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Documenting your core processes...

"How do we know what processes to document?"

Great question!

If you are aiming for constant improvement, it is critical that you document your core processes. It is only by doing this that lessons emerging from debriefs and washups can be fed back into your organisation.

But, how deep do we go? Do we document EVERYTHING?

As a rule, if your team does something repeatedly, document it and ensure everyone who performs the task is familiar with it. Remember, you can still deviate from the procedure, but by writing it down you are creating a standard by which tasks are executed.

After I was asked the question above, I used F/A-18 operations as an example. During the mission briefing for any particular task, the formation lead would usually state "Start, taxi and takeoff will be SOP".

"SOP" means in accordance with the Standard Operating Procedures.

Because starting the jet, taxying to the runway and performing a takeoff are events which were repeated literally every time we went flying, they were written down in the Standard Operating Procedures (SOPs). We also had 'Tactical SOPs' which detailed standard procedures for every tactical role we had. Tasks like:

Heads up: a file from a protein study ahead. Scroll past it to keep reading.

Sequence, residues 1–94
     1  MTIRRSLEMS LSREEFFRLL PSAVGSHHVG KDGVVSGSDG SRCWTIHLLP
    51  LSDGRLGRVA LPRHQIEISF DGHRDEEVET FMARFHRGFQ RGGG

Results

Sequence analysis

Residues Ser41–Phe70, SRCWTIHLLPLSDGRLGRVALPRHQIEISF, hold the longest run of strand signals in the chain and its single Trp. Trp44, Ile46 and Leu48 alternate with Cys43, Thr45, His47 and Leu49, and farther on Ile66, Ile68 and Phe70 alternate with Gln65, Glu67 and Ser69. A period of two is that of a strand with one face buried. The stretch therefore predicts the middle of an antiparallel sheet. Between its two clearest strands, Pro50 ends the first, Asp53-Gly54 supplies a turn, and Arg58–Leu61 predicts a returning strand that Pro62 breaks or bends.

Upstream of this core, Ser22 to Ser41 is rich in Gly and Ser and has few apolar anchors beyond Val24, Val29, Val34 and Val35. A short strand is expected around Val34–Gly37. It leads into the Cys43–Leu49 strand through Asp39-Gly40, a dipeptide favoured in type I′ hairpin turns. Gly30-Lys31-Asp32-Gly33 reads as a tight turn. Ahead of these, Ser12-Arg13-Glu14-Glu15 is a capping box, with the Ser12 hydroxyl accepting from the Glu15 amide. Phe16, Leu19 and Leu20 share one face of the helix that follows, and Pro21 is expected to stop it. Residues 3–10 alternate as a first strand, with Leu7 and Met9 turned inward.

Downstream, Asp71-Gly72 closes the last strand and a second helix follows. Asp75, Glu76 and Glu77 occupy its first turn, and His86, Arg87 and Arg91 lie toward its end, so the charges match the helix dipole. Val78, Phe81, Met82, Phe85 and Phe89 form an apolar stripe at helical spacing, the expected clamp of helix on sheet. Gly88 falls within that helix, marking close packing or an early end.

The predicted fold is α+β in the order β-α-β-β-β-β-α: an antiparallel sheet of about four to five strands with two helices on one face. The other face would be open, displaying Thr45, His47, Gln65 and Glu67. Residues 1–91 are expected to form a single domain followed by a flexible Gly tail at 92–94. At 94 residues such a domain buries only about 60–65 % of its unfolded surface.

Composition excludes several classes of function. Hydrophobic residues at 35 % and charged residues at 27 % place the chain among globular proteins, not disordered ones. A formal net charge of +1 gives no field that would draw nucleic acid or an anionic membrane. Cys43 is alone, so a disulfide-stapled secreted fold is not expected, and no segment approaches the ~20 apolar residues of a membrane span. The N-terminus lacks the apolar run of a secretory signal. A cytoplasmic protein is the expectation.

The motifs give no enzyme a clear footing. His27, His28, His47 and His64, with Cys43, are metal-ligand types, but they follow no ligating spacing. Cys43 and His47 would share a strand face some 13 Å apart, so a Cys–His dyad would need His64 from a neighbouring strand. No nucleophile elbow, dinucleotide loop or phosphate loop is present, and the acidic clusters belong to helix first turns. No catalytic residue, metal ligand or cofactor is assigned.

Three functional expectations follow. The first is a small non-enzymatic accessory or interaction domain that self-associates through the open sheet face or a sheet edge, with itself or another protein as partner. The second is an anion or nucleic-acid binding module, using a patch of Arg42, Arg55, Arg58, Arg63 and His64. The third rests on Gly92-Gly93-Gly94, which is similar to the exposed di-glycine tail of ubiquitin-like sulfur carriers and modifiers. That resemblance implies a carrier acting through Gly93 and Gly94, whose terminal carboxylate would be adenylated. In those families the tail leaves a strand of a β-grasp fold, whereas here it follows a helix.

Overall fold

> Intercepting specific threat aircraft

> Performing precision strikes onto enemy shipping

> Flying a departure from a runway surrounded by a man-portable surface-to-air threat

Tactical SOPs was a HUGE document, and part of the challenge as a junior fighter pilot was becoming intimately familiar with it!

Back to the start/taxi/takeoff...

There are hundreds of discrete tasks associated with the 15-20 minute period of time from starting a jet to getting airborne. Having robust SOPs greatly relieved the job of briefing, as the procedures would provide a 'common sheet of music' for the formation.

But, these SOPs were also a way of refining operations. Because these core processes documents were already more than a decade old, and because of the robust nature of our analysis and feedback, the SOPs didn't need to be amended very often; but if they did, the mechanism was there.

So, if your team is aiming for high performance and therefore wants to constantly improve, do the following:

1. Write down every process you repeat frequently,

2. Debrief your execution after every discrete event, or at least at regular intervals, and

3 Respond by feeding lessons back into your core process documents.

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